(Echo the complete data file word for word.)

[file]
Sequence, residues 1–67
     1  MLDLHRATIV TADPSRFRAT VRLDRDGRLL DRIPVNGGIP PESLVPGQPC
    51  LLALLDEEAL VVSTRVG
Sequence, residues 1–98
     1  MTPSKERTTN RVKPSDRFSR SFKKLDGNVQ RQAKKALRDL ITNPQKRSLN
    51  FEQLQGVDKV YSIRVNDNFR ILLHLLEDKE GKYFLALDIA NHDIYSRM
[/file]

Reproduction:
Sequence, residues 1–67
     1  MLDLHRATIV TADPSRFRAT VRLDRDGRLL DRIPVNGGIP PESLVPGQPC
    51  LLALLDEEAL VVSTRVG
Sequence, residues 1–98
     1  MTPSKERTTN RVKPSDRFSR SFKKLDGNVQ RQAKKALRDL ITNPQKRSLN
    51  FEQLQGVDKV YSIRVNDNFR ILLHLLEDKE GKYFLALDIA NHDIYSRM